Jinx by Meg Cabot

2007
07.13



Ever since the hospital she was born in was hit by lightning, PK (preacher’s kid) Jean Honeychurch has been plagued with bad luck, so much so that her friends and family have dubbed her Jinx. When her run of ill fortune results in her high school boyfriend turning stalker, Jean’s parents decide that a change of venue might be just the thing to turn her luck around. So Jean journeys from rural Iowa to the Upper East Side of Manhattan to stay with relatives and start over in a new private school. Feeling very much the country bumpkin, Jean is more than a little worried about fitting in with her sophisticated city slicker cousin, Tory. But hottie-next-door Zach, who shows her around school and introduces her to the delicious world of NYC take-out, soon allays her fears. Unfortunately, this doesn’t sit well with Tory, who has a crush in Zach herself. Will Jean’s bad luck draw Tory’s ire and cause her to lose Zach’s friendship? Or does this seemingly bumbling preacher’s daughter, who spills and trips through life, actually have a trick or two up her sleeve? This Charmed-meets-7th Heaven story, while not quite as sexy as its cover might imply, is nevertheless a sweetly entertaining read that makes a perfect posting for Friday the 13th! Full of Cabot’s bubbling good humor and go-down-easy prose, Jinx should join Meg’s other light and frothy reads (How to be Popular, Avalon High) on the beach towel this summer.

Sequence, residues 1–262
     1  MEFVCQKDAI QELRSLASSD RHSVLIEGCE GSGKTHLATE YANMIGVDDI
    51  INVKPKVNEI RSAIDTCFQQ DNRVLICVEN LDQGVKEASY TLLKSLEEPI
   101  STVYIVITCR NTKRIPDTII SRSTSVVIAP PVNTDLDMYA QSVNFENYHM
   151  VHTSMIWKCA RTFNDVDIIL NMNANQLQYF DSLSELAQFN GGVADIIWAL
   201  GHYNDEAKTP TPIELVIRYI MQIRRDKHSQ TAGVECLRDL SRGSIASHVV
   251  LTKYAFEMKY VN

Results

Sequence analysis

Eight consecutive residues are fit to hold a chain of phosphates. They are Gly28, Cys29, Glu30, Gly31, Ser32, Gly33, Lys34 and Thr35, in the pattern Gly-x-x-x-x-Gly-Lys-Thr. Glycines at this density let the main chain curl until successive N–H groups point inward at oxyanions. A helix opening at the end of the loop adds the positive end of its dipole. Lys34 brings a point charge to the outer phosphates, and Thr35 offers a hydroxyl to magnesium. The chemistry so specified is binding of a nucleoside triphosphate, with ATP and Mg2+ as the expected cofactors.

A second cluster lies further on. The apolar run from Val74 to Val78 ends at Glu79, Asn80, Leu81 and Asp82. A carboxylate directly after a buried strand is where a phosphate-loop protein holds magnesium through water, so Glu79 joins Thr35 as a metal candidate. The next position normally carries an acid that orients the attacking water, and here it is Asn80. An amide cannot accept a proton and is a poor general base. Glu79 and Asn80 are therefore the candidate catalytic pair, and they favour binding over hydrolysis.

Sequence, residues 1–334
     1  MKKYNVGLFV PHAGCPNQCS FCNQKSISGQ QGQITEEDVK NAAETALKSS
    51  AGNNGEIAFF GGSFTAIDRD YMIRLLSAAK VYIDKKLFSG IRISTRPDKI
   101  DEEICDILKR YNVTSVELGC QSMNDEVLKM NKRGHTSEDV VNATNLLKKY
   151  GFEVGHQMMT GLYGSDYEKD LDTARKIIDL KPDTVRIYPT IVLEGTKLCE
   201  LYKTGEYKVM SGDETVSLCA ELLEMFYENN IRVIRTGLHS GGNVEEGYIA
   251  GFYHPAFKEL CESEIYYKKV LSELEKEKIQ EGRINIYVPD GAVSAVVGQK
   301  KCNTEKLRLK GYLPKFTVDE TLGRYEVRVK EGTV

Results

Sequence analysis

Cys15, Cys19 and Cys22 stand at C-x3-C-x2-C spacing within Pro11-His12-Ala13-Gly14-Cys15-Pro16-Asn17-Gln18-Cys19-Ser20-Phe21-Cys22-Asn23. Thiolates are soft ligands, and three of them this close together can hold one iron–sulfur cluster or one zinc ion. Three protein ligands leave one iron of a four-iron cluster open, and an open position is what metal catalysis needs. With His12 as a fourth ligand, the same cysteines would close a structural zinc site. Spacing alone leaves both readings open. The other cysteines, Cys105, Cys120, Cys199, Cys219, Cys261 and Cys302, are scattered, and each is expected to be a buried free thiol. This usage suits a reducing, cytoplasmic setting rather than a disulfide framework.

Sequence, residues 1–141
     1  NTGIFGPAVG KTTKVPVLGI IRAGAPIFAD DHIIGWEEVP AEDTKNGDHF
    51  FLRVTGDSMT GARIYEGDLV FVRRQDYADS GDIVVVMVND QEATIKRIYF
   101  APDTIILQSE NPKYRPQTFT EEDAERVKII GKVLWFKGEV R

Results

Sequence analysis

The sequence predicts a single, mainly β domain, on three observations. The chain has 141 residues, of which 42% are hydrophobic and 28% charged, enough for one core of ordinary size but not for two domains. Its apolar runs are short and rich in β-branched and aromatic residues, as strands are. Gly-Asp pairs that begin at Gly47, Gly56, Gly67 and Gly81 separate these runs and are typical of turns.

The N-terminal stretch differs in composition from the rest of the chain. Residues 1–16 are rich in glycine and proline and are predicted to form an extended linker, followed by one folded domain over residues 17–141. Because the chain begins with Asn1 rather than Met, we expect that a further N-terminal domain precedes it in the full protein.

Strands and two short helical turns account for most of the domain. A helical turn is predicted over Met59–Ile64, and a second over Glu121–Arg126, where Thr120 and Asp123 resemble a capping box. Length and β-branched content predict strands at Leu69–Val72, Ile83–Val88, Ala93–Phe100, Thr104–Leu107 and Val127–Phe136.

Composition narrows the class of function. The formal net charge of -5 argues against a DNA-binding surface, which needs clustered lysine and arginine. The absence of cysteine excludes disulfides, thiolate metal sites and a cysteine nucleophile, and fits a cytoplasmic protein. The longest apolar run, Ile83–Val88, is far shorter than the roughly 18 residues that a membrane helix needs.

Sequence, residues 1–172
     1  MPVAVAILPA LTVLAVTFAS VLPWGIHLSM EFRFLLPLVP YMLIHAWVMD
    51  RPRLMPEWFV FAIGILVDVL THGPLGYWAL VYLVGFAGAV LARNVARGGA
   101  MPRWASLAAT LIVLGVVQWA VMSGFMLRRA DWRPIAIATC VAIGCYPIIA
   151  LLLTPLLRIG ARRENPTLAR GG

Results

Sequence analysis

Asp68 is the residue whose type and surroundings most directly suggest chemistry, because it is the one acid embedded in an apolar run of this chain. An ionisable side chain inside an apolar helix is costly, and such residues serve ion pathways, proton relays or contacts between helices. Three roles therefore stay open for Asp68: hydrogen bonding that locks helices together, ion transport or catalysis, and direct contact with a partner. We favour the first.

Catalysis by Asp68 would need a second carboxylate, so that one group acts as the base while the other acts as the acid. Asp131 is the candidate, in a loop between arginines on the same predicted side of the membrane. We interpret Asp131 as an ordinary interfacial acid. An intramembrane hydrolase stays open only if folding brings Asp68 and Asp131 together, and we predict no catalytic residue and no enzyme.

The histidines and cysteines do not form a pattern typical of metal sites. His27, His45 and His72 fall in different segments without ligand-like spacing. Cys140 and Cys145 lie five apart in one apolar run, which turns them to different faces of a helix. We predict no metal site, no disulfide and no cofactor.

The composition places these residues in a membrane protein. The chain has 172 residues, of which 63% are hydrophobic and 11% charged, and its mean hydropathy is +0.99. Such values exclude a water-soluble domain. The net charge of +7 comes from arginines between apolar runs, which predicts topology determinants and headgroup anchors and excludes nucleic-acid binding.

3 Responses to “Jinx by Meg Cabot”

  1. Seleena says:

    this book sounds interesting i would love to read it! right now i am reading the
    1-800-WHERE-R-U series and so far it is good so i plan on reading safe housse because the lightning girl and code name cassandra were good

  2. mitzi says:

    people have recommended this book to me & ive even looked it up on her website & currently im on her princess diaries series they r good!!

  3. Belle says:

    I’ve read this book. It makes for good light reading, the mix of the supernatural with the humor that is always present in Cabot’s books makes it a good read despite the predictability of the plot. I wouldn’t mind rereading it.

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